Campus Watch

University of Sussex: Students Straying from ‘Traditional’ Societies

Students at the University of Sussex have made the decision to ditch nightclubs and parties for societies that are dedicated purely to activities such as bingo and, a British favourite, drinking tea.

A total of 276 societies operate within the University of Sussex’s Student Union, including “Spill the Tea”. Sussex are the first student union to offer a society dedicated purely to drinking tea.

At the university’s refreshers fair, the second chance students have to sign up for societies this academic year, there were more non-drinking societies, such as the Board Games Society, chess and baking.

Becky Doran, the university’s Activities Officer, said, “with a total of 155 student groups at the Sussex fair, this is an opportunity for students to see the amazing things our groups are doing and join something new…all you need to get started is three people to be your committee and an idea.”

It can be hoped that students at other universities around the country will be inspired to form their own non-drinking societies that are still fun and inclusive, especially with such nontraditional ‘student’ activities becoming so popular amongst students at the University of Sussex.  

Amelia Cutting

University of Technology, Sydney: Uni Launches ‘All-Gender’ Bathrooms to Support Diversity

The University of Technology (UTS), Sydney in Australia has recently announced their brand-new, ‘all-gender’ bathrooms, to promote inclusivity and ‘make students feel safe and welcome on campus’.

The university previously had unisex bathrooms in place, however, students and members of the UTS Queer Collective felt that this wasn’t inclusive enough; the UTS Queer Collective ran a campaign to replace ‘unisex’ with ‘all-gender’, to combat discrimination faced by non-binary and/or gender-fluid students.

Erin, a member of UTS Queer Collective, said: “What motivated me to be involved in this campaign is that I’m a non-binary student who has been harassed in bathrooms in the past…Gender neutral bathrooms are something that have helped with reducing my dysphoria and anxiety about being verbally abused in a bathroom setting.”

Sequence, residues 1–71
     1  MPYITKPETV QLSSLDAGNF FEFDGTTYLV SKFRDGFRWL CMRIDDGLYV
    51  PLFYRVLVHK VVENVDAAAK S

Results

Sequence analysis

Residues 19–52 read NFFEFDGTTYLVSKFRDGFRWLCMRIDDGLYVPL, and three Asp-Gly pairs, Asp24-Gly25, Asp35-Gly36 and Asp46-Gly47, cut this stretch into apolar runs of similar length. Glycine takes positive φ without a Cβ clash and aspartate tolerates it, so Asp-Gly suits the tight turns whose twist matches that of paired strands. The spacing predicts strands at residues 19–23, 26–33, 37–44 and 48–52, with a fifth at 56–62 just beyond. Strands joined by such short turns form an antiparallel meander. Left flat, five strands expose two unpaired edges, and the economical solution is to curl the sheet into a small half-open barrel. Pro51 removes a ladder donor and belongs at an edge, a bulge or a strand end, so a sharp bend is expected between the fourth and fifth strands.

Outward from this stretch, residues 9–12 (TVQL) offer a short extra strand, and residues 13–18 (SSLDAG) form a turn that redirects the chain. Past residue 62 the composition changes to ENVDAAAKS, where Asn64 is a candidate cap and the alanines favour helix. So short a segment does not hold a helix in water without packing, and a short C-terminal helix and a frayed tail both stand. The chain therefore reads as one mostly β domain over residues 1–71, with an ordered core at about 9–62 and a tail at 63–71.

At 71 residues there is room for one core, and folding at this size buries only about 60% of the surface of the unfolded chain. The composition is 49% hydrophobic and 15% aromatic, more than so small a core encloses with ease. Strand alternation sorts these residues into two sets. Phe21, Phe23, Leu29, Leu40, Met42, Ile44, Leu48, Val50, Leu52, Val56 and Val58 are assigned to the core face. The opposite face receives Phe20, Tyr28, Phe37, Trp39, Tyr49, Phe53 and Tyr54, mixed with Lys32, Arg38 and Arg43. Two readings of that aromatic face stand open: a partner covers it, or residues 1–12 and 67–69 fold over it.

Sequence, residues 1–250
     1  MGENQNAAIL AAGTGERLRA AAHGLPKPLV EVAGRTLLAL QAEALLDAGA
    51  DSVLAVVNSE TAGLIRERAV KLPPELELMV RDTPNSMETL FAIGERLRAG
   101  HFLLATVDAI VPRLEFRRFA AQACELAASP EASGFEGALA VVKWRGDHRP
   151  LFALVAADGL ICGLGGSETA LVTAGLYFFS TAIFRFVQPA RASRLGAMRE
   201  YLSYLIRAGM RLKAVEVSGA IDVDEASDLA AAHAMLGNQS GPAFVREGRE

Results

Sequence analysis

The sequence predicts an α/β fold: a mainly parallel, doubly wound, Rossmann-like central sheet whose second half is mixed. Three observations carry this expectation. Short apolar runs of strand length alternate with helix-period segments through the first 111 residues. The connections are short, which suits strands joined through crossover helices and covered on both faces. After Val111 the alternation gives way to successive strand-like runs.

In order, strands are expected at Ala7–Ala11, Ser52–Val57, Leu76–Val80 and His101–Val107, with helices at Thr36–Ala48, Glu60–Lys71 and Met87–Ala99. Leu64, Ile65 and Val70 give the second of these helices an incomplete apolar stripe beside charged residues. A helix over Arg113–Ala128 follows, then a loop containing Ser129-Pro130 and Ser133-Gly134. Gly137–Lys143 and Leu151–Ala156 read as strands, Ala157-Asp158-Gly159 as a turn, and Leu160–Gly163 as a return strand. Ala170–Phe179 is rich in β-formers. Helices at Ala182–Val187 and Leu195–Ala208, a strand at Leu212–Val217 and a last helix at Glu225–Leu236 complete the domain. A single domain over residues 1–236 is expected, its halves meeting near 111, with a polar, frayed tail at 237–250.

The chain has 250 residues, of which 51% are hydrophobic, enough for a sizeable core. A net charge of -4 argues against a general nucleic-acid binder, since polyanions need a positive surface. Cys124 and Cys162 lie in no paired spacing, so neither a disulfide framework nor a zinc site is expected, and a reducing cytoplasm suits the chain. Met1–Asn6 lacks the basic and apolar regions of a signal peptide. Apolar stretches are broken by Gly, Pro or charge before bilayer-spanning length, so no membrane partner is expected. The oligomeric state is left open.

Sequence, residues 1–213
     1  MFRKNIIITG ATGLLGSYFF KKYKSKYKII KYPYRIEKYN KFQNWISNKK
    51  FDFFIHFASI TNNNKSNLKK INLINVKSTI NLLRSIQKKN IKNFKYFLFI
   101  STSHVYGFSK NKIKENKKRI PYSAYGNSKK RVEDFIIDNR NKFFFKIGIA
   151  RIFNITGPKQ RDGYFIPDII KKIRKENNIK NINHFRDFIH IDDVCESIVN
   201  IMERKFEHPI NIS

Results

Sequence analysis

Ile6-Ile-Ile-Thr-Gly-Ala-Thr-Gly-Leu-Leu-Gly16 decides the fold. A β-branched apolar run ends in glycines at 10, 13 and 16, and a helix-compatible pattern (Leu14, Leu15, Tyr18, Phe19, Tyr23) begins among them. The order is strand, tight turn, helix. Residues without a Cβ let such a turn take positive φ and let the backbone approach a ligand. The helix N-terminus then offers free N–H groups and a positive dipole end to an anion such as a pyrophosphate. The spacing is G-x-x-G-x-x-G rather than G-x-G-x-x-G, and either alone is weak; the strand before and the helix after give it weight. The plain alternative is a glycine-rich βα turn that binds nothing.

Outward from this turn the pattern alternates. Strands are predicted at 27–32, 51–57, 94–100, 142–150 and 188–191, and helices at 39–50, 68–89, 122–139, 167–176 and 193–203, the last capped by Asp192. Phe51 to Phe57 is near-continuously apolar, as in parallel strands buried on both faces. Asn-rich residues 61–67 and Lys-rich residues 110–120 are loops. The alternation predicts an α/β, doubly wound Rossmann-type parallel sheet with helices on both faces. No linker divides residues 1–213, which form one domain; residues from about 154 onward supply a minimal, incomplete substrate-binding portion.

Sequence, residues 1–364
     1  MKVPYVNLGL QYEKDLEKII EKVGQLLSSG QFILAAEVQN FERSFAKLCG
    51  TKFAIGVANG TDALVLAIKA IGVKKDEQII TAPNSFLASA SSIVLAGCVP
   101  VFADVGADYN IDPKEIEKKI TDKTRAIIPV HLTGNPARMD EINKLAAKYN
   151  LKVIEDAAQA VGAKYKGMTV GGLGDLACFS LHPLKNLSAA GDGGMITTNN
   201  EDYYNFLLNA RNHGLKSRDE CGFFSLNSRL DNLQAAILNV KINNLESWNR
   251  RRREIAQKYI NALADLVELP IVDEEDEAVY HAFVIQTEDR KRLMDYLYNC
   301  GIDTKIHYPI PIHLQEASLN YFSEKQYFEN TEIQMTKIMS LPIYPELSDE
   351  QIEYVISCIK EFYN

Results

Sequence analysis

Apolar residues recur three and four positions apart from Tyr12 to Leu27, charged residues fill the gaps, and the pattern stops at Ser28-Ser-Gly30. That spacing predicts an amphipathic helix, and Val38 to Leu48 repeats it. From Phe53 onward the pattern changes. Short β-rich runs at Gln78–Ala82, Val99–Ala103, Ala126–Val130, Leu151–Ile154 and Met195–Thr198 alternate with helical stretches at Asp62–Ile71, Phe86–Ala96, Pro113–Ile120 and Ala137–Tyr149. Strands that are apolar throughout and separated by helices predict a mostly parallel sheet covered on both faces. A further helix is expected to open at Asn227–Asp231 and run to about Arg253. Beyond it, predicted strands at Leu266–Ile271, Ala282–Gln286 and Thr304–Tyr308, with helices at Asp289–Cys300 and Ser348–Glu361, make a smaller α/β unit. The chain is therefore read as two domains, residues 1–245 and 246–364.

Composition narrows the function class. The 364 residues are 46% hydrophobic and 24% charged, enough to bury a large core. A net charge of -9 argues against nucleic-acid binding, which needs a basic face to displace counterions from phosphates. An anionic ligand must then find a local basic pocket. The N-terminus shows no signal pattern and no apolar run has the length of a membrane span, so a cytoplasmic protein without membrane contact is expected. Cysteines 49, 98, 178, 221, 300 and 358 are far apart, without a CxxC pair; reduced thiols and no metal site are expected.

In addition to the difference in terminology, UTS’ all-gender bathrooms also include an additional symbol.

Along with their new signage, UTS’ all-gender bathrooms not only indicate a higher degree of acceptance but also an acknowledgment of the complexity and diversity of gender.

Erin went on to say: “Some people within our community don’t identify with traditional binary genders…Others don’t feel comfortable using a bathroom designated by gender”.

UTS currently has placed all-gender bathrooms in 10 campus buildings, however, due to its positive impact, the university is currently looking into more opportunities to establish all-gender bathrooms across campus.

Maariyah Fulat

Swansea University: ‘Decolonised English Literature’ Course Introduced

Implementing an appeal from students, the university is the first in the UK to announce an English module based on the “hyper-contemporary” international Dylan Thomas prize.

Each year, students in this course will study books longlisted for the prestigious prize for writers under the age of 39, the age that the Swansea-born writer Dylan Thomas died.

The university followed calls from students to “decolonise” the literary syllabus by introducing more books written by black, Asian and minority ethnic writers.